The theory of the state is that Kathleen Peterson (Toni Collette) found out about her husband’s bisexuality – another thing he is not aware of when he first claims it was only curiosity but later alleged to have included actual infidelity – and a fight ensued that led to her death at the end of a fireplace tool. While the family first stands behind Michael, they also begin to break down in doubt. Michael’s adopted daughters of a mother who also happened to have fallen down the stairs, Margaret (Sophie Turner) and Martha Ratliff (Odessa Young), and his sons from a previous marriage, Todd (Patrick Schwarzenegger) and Clayton Peterson (Danish DeHaan), stand behind their father. But his sister-in-law Candace (Rosemarie DeWitt) and stepdaughter Caitlin (Olivia DeJonge) eventually split, especially after seeing the autopsy images. Cullen Moss and Parker Posey play the accusations that go after Peterson; Michael Stuhlbarg is excellent as Peterson’s no-nonsense lawyer. Finally, Juliette Binoche appears in a role that should not really be spoiled, but she is typically phenomenal.

All of this A-list ensemble is working to remove the images of the actual involved individuals that crime junkies know so well. It’s surprising how quickly the real Peterson and his family fall away, displaced by these recreations. They are all excellent, especially Firth, Stuhlbarg, DeJonge and Binoche. The only thing that really holds them back is the chronological gamemanship that has become so prevalent in modern miniseries, though it’s starting to fall away a bit after the first few episodes, and the show is getting stronger for it. Yes, some things about this story are better served if they do not unfold in sequence, but the first few episodes feel almost arbitrarily structured, not as if a flashback nurtures something thematic that happened later, as much as confusion just for the sake of . of being artistic.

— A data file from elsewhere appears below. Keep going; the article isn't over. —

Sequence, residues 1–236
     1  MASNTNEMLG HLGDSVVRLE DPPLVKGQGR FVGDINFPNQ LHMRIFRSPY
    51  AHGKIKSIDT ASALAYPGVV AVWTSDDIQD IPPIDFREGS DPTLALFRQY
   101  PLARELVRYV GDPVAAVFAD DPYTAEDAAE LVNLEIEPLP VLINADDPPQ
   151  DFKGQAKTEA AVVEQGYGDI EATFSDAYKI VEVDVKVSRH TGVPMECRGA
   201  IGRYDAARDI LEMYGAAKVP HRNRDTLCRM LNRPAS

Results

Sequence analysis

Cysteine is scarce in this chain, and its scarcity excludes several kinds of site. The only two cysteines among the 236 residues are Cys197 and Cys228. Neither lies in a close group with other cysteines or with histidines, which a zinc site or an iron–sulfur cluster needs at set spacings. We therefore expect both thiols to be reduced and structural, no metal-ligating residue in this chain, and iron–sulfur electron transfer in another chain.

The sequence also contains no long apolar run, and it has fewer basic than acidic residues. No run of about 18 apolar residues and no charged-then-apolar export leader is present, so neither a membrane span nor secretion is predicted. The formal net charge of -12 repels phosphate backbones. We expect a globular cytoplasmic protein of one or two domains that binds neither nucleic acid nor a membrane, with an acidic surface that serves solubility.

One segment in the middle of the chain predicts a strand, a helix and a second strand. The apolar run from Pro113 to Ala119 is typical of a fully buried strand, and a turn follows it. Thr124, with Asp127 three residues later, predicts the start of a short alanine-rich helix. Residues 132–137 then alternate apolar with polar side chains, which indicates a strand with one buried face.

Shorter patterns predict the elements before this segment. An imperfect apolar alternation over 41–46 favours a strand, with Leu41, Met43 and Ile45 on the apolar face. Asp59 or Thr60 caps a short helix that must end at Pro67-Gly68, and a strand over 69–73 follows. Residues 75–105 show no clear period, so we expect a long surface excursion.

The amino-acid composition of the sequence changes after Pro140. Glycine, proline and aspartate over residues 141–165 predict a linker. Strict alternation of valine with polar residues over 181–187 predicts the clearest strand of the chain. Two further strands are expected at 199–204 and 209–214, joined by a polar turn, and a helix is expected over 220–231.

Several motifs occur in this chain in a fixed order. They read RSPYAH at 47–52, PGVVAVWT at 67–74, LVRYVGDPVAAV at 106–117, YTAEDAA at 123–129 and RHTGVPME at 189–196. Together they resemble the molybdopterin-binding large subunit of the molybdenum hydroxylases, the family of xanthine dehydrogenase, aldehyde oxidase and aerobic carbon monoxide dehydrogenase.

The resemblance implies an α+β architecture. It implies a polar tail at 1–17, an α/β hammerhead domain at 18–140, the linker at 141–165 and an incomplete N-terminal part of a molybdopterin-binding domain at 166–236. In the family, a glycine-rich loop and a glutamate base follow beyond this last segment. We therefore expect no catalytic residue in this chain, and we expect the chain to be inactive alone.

There is also a nagging feeling that some of “The Staircase” is taking too long in this form, though the true story certainly has enough meat on its bones (the documentary series is even longer collected than this 8-hour bet), and it slow pace allows for Campos’ weirdness to bleed through, like when he plays “I Can’t Stop Loving You” into a funeral scene or lets the versions of the crime unfold in some of the most disturbing real-time sequences of bloody death ever been seen on television. It’s a literal horror movie. And it is telling that he leaves the director’s reins to the horror filmmaker Leigh Janiak (“Fear Street”) in two chapters – this is not for the faint of heart. Although it is admirable that Campos and the company take Kathleen’s death seriously. Whether it was an accident or a murder, her death was brutal, and it makes history a disservice to see the other way around.

“It’s a love story set in the South, where nothing is what it seems,” says the French filmmaker who wanted to make “The Staircase” a true crime story. He’s not lying. This is a case where all the pieces do not fit, no matter what version you believe in, what happened that night. It is about different versions of justice, public judgment, betrayal and family fidelity. This story really has it all, and Campos clearly understands it all. His obsession with the cause pays off as he transforms it into high drama and high art. [A-]